If physiotherapists were on the frontline, then of course overall responsibility would still lie with the GP for patients with conditions such as diabetes or coronary heart disease who expect and require the attention of a doctor. But these conditions, and the commonest musculoskeletal problems such as OA and back pain, can all be considered as long-term conditions where patients need skilled confident advice and support to self-manage, notably with exercise and activity. Physiotherapists therefore have a significant contribution to make in the management of many long-term conditions, and patients presenting with other morbidities alongside musculoskeletal problems would gain additional benefits from a physiotherapy-led service.

The Royal College of General Practitioners has acknowledged that primary care is moving towards a ‘system of integrated care, where clinicians work closely together in flexible teams, formed around the needs of the patient and not driven by professional convenience or historic location’ (RCGP, 2013). Physiotherapists are well placed to contribute to making this vision a reality by taking responsibility for frontline primary care for patients with musculoskeletal problems. The accompanying drive to develop the education, practice patterns and licensure of physiotherapy to deliver the workforce to do this carries exciting potential for an effective and satisfying service for patients suffering from conditions which are the commonest cause of disability in the community and for an effective and satisfying partnership between physiotherapists and GPs and their practice teams.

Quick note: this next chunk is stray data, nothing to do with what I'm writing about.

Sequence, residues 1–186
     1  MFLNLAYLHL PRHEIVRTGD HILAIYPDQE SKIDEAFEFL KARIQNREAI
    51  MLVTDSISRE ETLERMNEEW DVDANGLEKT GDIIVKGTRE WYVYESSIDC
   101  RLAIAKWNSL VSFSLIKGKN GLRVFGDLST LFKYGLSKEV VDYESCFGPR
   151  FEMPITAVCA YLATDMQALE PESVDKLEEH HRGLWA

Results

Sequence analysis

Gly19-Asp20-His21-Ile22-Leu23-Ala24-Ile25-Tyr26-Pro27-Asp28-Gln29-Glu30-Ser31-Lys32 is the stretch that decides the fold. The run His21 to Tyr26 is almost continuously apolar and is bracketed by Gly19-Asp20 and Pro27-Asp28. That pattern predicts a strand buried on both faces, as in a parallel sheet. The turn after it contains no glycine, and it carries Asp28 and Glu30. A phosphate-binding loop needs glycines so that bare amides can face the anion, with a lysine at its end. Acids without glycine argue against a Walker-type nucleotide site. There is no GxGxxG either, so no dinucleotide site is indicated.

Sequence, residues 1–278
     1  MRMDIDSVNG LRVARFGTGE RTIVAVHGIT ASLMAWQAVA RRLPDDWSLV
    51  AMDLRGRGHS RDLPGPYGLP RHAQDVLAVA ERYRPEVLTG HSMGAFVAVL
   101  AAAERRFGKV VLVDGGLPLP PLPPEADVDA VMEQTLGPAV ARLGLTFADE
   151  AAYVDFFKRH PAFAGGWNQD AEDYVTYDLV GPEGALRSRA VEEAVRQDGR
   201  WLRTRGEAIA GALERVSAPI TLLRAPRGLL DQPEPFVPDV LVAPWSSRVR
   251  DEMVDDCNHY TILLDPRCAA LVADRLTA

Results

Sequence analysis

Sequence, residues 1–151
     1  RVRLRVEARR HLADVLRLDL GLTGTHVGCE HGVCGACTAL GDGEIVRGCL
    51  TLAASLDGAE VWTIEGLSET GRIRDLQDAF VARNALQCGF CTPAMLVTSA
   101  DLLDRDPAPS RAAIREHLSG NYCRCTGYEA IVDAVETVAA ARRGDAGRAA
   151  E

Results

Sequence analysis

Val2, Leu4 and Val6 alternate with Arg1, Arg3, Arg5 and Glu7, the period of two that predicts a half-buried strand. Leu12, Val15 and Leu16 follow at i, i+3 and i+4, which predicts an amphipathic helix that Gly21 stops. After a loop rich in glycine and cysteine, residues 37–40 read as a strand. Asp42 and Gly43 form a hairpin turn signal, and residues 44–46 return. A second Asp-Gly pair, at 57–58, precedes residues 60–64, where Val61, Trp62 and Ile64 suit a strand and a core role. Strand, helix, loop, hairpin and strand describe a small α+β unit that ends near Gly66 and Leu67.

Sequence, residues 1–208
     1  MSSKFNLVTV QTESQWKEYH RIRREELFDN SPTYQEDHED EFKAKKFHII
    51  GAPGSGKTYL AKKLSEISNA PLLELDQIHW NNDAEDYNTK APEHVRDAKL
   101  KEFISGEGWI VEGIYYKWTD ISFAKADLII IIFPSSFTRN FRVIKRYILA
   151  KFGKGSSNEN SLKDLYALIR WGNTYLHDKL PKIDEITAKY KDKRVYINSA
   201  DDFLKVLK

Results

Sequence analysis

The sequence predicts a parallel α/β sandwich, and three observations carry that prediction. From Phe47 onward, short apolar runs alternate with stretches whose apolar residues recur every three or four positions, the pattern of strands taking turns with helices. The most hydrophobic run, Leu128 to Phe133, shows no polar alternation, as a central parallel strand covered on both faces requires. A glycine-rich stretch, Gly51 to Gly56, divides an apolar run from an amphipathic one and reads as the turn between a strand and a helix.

Annette Bishop and Nadine Foster are funded by a NIHR Research Professorship Award to Professor Nadine Foster.